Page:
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2.7-Mile Multipurpose Elevated Trail to Open Fall 2014 as Centerpiece of The 606, Linking Five Community Parks and Amenities
CHICAGO — Mayor Rahm Emanuel today joined officials from the Chicago Park District, the Chicago Department of Transportation, and The Trust for Public Land to break ground on the Bloomingdale Trail, the signature project of Mayor Emanuel’s push to create 800 new parks, recreation areas and green spaces throughout Chicago over the next five years.
The Bloomingdale Trail, a nearly three-mile long elevated trail, will be linked to five ground-level neighborhood parks, as well as an observatory, wheel-friendly event plaza, various art installations and other amenities, to form the park and trail system known as The 606. The name is an homage to the 606 zip code prefix all Chicagoans share. The first phase of the project, including the Bloomingdale Trail, will open to the public in the fall of 2014.
“It is essential that all Chicagoans have access to world-class parks and open spaces – including playgrounds for children, gathering places for families, and alternative transportation routes for bicyclists and pedestrians,” said Mayor Emanuel. “In all these ways, we are connecting communities, and I thank all of the partners helping make this dream a reality. The Bloomingdale Trail is a major, exciting project that will improve quality of life for many of our residents.”
"The Bloomingdale Trail and Park will be the first space of its kind in Chicago,” said Senator Dick Durbin. “When it opens, this federally funded project will help connect the vibrant neighborhoods along Chicago's West Side, and give residents from across the city an opportunity to enjoy the urban landscape of their own backyard."
The Bloomingdale Trail is a 2.7 mile, multi-use recreational trail and park system along an elevated, unused rail line. It runs west to east along Bloomingdale Avenue (1800 N), from Ridgeway Avenue (3750 W) on the west to Ashland Avenue (1600 W) on the east. The 606, with its multiple parks and other facilities in addition to the trail, serves as both an urban oasis and a community connector for the Bucktown, Wicker Park, Logan Square, and Humboldt Park neighborhoods, turning the physical barrier of old railroad embankments into a unifying park and trail system.
The 606 park and trail system will provide an urban oasis for the 80,000 people, including 20,000 children, who live within a ten-minute walk. It is also planned as a resource for Chicagoans citywide, a transportation alternative as well as a tourist attraction which is already garnering attention nationally and internationally.
Emanuel was joined by Beth White, Chicago Area Office Director of The Trust for Public Land, the lead private partner on this project. A national land conservation organization, The Trust for Public Land is supporting the planning and implementation process in partnership with the City of Chicago and the Chicago Park District.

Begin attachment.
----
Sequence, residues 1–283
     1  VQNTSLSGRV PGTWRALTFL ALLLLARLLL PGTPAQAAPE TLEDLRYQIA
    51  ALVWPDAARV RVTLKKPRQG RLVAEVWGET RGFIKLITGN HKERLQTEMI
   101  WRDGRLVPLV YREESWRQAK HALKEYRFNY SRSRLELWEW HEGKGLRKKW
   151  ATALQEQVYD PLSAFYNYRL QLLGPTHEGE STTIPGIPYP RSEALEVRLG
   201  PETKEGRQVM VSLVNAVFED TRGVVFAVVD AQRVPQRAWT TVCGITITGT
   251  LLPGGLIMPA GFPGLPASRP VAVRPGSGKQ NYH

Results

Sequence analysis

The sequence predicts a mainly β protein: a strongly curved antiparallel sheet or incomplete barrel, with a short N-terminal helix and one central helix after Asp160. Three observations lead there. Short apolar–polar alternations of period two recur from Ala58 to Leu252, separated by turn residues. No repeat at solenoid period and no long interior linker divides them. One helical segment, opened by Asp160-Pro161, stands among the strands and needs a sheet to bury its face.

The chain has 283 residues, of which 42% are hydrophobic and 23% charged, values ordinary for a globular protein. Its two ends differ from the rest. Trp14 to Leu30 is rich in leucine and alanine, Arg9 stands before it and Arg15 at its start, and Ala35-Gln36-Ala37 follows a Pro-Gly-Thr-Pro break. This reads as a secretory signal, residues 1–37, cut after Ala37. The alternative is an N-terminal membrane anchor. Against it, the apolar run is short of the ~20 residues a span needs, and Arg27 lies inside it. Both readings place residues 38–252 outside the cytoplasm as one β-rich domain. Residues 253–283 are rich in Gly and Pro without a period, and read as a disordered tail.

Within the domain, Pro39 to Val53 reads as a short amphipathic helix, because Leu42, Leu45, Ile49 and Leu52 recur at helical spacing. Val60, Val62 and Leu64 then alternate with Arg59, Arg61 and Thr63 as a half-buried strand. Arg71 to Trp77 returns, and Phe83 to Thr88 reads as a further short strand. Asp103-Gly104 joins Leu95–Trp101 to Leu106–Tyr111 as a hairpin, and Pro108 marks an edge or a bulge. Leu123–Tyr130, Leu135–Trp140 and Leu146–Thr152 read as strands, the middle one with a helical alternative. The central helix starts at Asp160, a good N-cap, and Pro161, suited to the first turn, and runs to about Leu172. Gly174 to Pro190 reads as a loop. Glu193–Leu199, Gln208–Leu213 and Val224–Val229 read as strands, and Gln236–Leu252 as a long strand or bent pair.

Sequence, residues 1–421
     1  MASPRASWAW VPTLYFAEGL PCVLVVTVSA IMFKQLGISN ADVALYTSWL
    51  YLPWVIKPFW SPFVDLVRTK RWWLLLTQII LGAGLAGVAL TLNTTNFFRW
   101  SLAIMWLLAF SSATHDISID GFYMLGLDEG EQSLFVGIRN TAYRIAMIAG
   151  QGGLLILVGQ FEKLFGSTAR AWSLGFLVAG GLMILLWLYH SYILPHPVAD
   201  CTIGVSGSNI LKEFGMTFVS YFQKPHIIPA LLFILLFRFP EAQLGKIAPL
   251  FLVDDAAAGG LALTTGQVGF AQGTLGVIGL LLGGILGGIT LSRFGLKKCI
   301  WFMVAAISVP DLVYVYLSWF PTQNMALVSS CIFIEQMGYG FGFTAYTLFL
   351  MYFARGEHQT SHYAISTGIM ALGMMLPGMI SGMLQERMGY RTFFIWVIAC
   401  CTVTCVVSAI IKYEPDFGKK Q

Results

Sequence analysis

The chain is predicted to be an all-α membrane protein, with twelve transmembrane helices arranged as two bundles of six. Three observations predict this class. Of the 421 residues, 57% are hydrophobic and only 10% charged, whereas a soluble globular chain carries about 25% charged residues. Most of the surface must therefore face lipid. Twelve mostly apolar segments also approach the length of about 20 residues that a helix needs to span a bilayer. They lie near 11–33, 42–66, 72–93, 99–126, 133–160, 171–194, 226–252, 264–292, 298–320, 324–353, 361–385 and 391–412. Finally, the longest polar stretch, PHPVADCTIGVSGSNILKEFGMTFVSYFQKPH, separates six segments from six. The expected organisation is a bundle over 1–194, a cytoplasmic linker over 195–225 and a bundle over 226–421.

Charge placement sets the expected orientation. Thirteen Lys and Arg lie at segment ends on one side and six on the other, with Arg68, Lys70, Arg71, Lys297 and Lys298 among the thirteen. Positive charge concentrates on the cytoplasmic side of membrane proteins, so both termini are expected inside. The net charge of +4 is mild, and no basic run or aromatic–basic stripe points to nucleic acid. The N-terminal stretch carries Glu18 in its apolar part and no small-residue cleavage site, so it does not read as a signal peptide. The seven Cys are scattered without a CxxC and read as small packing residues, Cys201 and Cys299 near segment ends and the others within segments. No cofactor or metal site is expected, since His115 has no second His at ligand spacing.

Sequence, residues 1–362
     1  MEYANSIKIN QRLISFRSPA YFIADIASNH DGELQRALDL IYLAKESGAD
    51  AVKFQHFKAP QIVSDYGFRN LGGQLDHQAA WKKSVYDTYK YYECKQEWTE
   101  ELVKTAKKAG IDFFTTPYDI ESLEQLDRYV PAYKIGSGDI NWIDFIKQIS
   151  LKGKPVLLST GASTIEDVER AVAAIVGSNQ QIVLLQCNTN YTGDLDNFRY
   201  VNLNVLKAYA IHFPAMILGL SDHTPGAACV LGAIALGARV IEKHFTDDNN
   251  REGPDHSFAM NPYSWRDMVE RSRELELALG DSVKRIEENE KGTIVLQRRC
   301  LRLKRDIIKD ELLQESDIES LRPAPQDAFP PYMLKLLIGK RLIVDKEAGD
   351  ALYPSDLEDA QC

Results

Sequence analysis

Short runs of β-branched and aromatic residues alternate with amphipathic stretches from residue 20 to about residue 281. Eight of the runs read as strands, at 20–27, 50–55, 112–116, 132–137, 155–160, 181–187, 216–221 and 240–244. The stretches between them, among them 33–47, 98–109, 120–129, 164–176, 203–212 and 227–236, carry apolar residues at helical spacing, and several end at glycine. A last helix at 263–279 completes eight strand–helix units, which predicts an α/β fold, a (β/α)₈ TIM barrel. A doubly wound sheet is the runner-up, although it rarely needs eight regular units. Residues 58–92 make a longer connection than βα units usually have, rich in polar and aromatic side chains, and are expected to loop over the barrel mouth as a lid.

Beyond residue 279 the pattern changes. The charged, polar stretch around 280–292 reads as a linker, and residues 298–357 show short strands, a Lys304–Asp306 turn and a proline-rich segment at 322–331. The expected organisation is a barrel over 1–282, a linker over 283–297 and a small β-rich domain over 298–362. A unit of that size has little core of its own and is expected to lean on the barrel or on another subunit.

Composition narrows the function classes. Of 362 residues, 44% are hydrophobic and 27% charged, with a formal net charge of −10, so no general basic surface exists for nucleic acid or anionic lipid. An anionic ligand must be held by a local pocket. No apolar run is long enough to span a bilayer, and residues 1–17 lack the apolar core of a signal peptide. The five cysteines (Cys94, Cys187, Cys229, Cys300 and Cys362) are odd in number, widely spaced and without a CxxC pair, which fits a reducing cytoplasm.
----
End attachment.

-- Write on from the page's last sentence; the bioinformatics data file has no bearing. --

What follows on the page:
“An unprecedented public-private partnership is making this project a reality,” said White. “Mayor Emanuel’s vision and leadership fast-tracked this project and brought us to this day. We’re pleased to assist with an inclusive process that brings together city, regional and federal agencies, private funders, community leaders and neighbors to turn The 606 into Chicago’s next great park and trail system.”
Mayor Emanuel made a 2011 campaign pledge to build the Bloomingdale Trail and the project has grown under his leadership to include the amenities that now will comprise The 606. Being built in phases, the Bloomingdale will be open end-to-end in Fall 2014, with additional construction phases continuing to embellish landscaping and other amenities.
Funding for the project comes from a mix of federal, City, county and park district funds, as well as private donations. The Trust for Public Land is overseeing the fundraising campaign for private donations, and individuals can contribute at www.the606.org.
The 606 is a decade in the making, starting with the public meetings initiated by the City’s planning department to increase open space in Logan Square, which had the least amount of open space per capita of any Chicago neighborhood. The City presented the idea of using the elevated Bloomingdale line for a park and it was such a powerful idea that neighbors formed Friends of the Bloomingdale Trail to help make it happen. The concept was included in the Logan Square Open Space Plan, adopted by the Chicago Plan Commission in 2004, which prompted the Chicago Department of Transportation to begin applying for federal transportation funding for the project.
Please note: during construction, the upper level and portions of some parks will be closed to the public. Please observe all posted signage and check http://The606.org for the latest info. And, join us on Facebook and Twitter: The606Chicago.
About The 606
The 606 takes Chicago’s legacy of great parks to new heights. This Northwest side project is transforming nearly three miles of unused rail line into the elevated Bloomingdale Trail, linked to five ground-level neighborhood parks, as well as various art installations and other amenities. The park and trail system is named for the 606 zip code prefix all Chicagoans share. Set above city streets, it will serve as both an urban oasis and a new way to explore Chicago on trails for biking, running and strolling. The 606 also connects parks, people, and communities; what once physically separated four neighborhoods now will knit them together and attract visitors from throughout Chicago and beyond. It is yet another Chicago icon that brings together innovative urban planning, green space, and the arts. The 606 will change the way you see our city.
For more information visit The606.org.